We further analyzed the microbial communities on genus level. Escherichia (68%) and Bacteroides (15%) were the two predominant genera in the chicken feces (Supplementary Table S7 and Figure S3). Although amoxicillin, chlortetracycline and florfenicol are against both Gram-positive and Gram-negative bacteria, we found that there were some common points and different points in the effects caused by these antimicrobials on the genus community. On the common side, the variable trend of the two predominant genera mediated by the antimicrobials was the major contributor to the changes of taxonomic phyla of Proteobacteria and Bacteroidetes in the antimicrobial-treated groups observed above. As the predominant genus of Proteobacteria, Escherichia significantly increased in amoxicillin group (from 36% on T0 to 83% on T10, P = 0.019, n= 12), chlortetracycline group (from 45% on T5 to 80% on T10, P = 0.013, n=12), florfenicol group (from 60% on T5 to 85% on T10, P = 0.013, n = 12), mixed group (from 49% on T0 to 88% on T10, P = 0.013, n=12) (Supplementary Figure S4). In contrast with Escherichia, Bacteroides, the predominant genus of Bacteroidetes, significantly decreased in amoxicillin group (from 51% on T0 to 4.0% on T10, P = 0.013, n= 12), chlortetracycline group (from 40% on T0 to 1.4% on T10, P = 0.013, n=12), florfenicol group (from 15% on T0 to 5.0% on T10, P = 0.013, n = 12), mixed group (from 30% on T0 to 1.4% on T10, P = 0.013, n=12) (Figure 5). On the different side, we found that genus which accounted for more than 1% responded quite different to the antimicrobials. For example, Klebsiella significantly decreased from 2.7% on T0 to 0.15% on T10 in florfenicol group (P=0.028, n=12), while significantly increased from 0.67% on T0 to 3.7% on T15 in chlortetracycline group (P=0.028, n=12). However, amoxicillin did not lead significant change of Klebsiella. Furthermore, the distances and variations of genus among all the samples were visualized by principal component analysis (PCA) which PC1 accounted for 80% of the variations between samples, demonstrating similar microbial community composition (Figure 5). The antimicrobial-treated groups clustered clearly apart from the control group, indicating that therapeutic dose of the antimicrobials played important roles in shaping genus compositions in chicken feces.
Bacterial hosts of antimicrobial resistance genes
We annotated 10272 ORFs as ARG-like ORFs that were located in 7234 contigs (Supplementary Table S8). Understanding the composition of the bacterial host of ARGs is conducive to assess the impact induced by the antimicrobial on the chicken feces. Throughout our experiment, the genera harboring most of the ARGs detected were Escherichia (84%), followed by Klebsiella (5.1%), Bacteroides (3.9%), Shigella (2.9%), and Clostridium (1.7%) (Figure 6 and Supplementary Figure S5). Especially for Escherichia, the proportion of it in the antimicrobial resistance bacteria was 84%, indicating that Escherichia carried more resistance genes than other bacterial hosts. Escherichia, Bacteroides, Shigella harbored nearly all kinds of detected ARGs, including the genes resistant to multidrug, tetracycline, aminoglycoside, macrolide lincosamide streptogramin, β-lactam, and sulfonamides (Supplementary Figure S5). Especially for Escherichia, 93% of multidrug resistance genes, 91% of polymyxin resistance genes, 78% of tetracycline resistance genes, 61% of aminoglycoside resistance genes, 58% of β-lactam resistance genes, 86% of aminocoumarin resistance genes resided in Escherichia. During the experimental duration, Escherichia was always the major host for the multidrug resistance genes in all the antimicrobial-treated groups (Figure 6). We also found that some less abundant ARGs such as triclosan resistance genes mainly resided in Pseudomonas (100%) (Supplementary Table S9).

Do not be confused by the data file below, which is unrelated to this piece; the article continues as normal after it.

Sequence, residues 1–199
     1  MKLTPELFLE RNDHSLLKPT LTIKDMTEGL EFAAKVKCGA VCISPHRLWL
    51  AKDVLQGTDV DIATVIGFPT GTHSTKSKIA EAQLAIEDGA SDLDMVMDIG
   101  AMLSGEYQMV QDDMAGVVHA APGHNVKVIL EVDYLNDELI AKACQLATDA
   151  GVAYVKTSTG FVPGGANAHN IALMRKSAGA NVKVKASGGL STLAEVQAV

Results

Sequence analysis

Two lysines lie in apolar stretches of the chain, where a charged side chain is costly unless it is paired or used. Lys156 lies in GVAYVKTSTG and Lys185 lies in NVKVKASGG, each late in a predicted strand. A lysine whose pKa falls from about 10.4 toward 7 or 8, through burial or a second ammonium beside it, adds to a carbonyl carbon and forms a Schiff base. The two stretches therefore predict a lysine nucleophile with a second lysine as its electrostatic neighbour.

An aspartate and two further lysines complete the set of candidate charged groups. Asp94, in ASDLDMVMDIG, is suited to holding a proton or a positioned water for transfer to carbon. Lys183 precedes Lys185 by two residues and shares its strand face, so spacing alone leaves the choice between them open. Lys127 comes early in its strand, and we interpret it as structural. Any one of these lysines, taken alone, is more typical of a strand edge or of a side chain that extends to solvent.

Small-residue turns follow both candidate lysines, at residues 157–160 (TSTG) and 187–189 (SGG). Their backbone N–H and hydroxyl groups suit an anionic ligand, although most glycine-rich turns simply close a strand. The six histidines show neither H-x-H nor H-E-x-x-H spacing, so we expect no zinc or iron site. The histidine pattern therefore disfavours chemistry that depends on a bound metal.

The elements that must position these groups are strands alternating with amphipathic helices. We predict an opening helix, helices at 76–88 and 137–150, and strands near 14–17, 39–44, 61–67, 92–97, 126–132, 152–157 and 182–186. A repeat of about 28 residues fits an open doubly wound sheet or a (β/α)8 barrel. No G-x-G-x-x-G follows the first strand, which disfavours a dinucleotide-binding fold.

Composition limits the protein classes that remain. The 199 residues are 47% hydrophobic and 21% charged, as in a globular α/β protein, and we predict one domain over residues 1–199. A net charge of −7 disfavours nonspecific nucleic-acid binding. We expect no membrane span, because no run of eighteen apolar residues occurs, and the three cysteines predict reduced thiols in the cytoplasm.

We found the results of ARG-harboring host also match the results in bacterial community. The major change under the antimicrobial administration pressure occurred at T10. In short, the ARG-harboring Escherichia increased at T10 in all the antimicrobial-treated groups, while Bacteroides decreased. These results can be explained by the ARGs they harbored. In amoxicillin group, the β-lactam resistance genes harbored by Escherichia increased from 22% on T0 to 77% on T10. In chlortetracycline group, the tetracycline resistance genes harbored by Escherichia increased from 6.0% on T5 to 97% on T10. In florfenicol group, the chloramphenicol resistance gene harbored by Escherichia increased from 0% on T0 to 100%. Interestingly, the host of chloramphenicol resistance genes changed from Klebsiella (100%) to Escherichia (100%) (Figure 6). In contrast, the β-lactam resistance genes, chloramphenicol resistance genes and the tetracycline resistance genes harbored by Bacteroides decreased after the second antimicrobial administration (Supplementary Table S10). Interestingly, we found that change in the mixed group led by the alternating treatment of the three antimicrobials seems like a combined result of antimicrobial-treated alone groups. For example, the major host for β-lactam resistance genes changed from Bacteroides on T0 into Escherichia on T10 when the mixed group had been feed with amoxicillin. The result found in the mixed group indicated effect caused by antimicrobials has accumulated consequence in shaping the ARG-harboring host composition.